Kaiser members revamp website, reach out to patients
February 11th, 2019
On the heels of the largest mental health strike in U.S. history, we are revamping our KaiserDontDeny.org website to highlight the plight of Kaiser members who suffered when they or their loved ones could not get the mental health therapy they needed.
Here is a portion of what Shirlee Zane, a Sonoma County Supervisor, wrote about her husband, Peter Kingston, who died by suicide.
Kaiser failed my husband, Peter Kingston, and now he’s dead.
Peter was experiencing increasing anxiety and reached out to Kaiser for help. He received a brief screening and an hour-long intake, and was diagnosed with panic disorder and major depression. Kaiser booked him for an Introduction to Anxiety Disorders group class and the next available therapy appointment – 42 days out.
We had an incredibly wonderful and happy life and marriage, but he got sick and he didn’t get treated by his provider. Two weeks after his first group class, and two weeks before his next therapy appointment, Peter hanged himself.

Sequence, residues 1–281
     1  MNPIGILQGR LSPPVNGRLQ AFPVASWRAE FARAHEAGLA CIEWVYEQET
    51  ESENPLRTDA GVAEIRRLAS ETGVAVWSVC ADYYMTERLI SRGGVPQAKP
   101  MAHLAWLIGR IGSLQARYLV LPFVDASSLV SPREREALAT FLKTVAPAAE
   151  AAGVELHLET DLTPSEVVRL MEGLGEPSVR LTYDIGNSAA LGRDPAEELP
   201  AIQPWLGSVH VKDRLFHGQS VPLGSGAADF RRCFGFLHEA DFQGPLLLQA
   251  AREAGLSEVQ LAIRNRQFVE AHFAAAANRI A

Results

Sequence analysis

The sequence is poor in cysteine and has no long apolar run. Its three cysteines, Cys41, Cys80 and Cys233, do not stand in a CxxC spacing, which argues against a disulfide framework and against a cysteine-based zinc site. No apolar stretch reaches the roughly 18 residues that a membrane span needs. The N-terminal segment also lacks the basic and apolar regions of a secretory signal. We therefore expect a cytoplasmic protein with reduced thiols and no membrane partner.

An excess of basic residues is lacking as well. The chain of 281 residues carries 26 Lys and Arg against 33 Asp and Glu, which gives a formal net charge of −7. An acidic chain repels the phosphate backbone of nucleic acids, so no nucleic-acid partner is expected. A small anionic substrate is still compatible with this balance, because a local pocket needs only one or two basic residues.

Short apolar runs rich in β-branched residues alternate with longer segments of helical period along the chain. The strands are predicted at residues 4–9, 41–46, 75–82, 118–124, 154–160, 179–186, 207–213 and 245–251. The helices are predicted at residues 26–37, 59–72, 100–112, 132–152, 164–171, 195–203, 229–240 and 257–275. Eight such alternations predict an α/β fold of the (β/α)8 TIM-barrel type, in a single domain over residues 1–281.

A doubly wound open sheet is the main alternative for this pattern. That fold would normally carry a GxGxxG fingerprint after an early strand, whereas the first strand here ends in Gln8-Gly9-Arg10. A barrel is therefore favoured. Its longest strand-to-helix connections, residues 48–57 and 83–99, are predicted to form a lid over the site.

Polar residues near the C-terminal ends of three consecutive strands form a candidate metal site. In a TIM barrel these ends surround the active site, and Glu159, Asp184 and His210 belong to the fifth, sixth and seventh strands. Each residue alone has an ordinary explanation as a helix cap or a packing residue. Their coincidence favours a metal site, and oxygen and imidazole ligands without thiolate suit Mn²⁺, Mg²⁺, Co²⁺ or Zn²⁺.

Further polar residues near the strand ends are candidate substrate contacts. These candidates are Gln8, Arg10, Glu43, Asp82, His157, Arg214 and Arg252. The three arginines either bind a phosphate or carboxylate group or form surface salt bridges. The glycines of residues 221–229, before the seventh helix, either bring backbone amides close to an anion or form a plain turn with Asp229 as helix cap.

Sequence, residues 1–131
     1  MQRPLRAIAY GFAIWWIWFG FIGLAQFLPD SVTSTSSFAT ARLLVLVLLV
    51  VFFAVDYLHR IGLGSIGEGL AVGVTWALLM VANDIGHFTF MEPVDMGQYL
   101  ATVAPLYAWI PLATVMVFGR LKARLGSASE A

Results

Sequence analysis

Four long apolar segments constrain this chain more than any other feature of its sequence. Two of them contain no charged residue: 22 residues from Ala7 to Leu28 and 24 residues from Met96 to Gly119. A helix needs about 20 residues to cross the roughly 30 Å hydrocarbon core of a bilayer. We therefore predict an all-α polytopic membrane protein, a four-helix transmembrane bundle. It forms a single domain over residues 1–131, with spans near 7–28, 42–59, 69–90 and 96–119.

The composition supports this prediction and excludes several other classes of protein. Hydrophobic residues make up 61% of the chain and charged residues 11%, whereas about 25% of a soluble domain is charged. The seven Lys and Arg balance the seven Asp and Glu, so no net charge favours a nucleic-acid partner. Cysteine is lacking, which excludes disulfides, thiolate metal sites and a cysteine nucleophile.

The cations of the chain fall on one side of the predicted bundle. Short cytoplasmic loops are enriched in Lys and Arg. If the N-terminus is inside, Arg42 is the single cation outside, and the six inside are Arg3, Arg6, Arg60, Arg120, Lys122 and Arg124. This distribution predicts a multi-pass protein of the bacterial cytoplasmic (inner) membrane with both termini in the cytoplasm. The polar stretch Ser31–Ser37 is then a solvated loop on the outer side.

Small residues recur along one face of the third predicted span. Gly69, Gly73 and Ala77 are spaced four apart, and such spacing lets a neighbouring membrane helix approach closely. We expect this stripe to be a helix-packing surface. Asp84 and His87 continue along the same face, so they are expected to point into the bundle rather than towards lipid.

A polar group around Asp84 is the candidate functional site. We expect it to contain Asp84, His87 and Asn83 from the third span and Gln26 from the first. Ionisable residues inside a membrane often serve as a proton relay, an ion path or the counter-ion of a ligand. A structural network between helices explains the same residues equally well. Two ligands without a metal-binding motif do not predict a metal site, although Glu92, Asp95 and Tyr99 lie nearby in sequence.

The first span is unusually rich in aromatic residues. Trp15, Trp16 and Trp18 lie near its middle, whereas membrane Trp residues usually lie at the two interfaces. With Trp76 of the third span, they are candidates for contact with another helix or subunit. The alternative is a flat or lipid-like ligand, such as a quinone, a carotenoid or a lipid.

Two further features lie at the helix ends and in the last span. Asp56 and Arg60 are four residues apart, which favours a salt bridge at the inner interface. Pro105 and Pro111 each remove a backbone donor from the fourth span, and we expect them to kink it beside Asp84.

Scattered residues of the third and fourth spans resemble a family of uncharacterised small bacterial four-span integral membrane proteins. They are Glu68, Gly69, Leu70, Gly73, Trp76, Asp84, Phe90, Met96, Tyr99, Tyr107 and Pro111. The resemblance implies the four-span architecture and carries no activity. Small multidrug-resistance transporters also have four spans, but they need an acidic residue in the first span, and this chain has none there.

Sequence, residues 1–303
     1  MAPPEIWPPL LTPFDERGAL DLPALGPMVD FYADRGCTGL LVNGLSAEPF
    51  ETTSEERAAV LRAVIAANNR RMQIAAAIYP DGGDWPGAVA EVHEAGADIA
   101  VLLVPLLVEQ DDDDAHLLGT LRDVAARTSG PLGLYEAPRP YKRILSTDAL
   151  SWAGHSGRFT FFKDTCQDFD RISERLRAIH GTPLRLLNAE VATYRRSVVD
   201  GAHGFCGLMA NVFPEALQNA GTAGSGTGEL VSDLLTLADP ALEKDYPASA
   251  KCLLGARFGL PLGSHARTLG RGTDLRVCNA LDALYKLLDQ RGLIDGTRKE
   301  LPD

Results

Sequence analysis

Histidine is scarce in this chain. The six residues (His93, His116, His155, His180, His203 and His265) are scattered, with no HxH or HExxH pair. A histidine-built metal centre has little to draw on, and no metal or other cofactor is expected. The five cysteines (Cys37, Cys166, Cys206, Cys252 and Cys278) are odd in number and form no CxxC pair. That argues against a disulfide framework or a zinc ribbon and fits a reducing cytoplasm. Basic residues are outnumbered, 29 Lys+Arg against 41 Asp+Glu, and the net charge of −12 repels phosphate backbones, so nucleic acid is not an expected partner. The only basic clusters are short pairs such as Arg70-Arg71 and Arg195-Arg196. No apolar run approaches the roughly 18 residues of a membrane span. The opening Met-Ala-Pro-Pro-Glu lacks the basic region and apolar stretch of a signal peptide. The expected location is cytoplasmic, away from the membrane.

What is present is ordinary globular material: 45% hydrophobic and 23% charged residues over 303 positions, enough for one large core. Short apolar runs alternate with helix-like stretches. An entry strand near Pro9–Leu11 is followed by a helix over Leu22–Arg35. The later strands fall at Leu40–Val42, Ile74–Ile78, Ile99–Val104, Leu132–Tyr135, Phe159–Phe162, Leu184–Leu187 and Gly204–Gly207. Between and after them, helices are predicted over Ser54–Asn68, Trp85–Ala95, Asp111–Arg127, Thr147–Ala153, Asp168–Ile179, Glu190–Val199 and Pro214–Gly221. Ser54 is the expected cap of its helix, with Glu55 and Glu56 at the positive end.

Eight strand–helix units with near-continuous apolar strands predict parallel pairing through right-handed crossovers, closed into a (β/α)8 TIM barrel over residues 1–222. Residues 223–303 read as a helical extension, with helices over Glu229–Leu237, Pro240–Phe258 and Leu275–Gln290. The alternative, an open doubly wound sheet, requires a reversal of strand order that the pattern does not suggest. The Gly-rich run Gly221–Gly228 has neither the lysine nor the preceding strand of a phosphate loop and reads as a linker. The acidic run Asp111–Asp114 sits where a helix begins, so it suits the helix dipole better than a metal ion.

More than 630 patients have shared their Kaiser horror stories though the website. Several NUHW-represented Kaiser clinicians have volunteered to contact those patients who need urgent care and alert Kaiser that immediate intervention is required.
Kathy Ray, a licensed clinical social worker, has volunteered reaching out to patients who shared their stories to make sure they get the care that was denied to them.
“These are heartbreaking stories that remind us why we went on strike and why we are continuing our fight to improve Kaiser,” Ray said.
“What struck me is that as a generalist, I had become so acclimated to my workload and trying to manage my schedule that I had adjusted to the Kaiser standard of care; a return schedule that pushes people in need of consistent therapy out to every 4 – 6 weeks or more. This isn’t good therapy or even close to the clinical standard. We need to push for more for our patients and from Kaiser. When you step back, talk to and read the stories of these people you are reminded that it is peoples lives and needs that a therapist needs to prioritize. In the Kaiser system this is all but impossible. We need to ethically push for more access and an opportunity to provide better care.”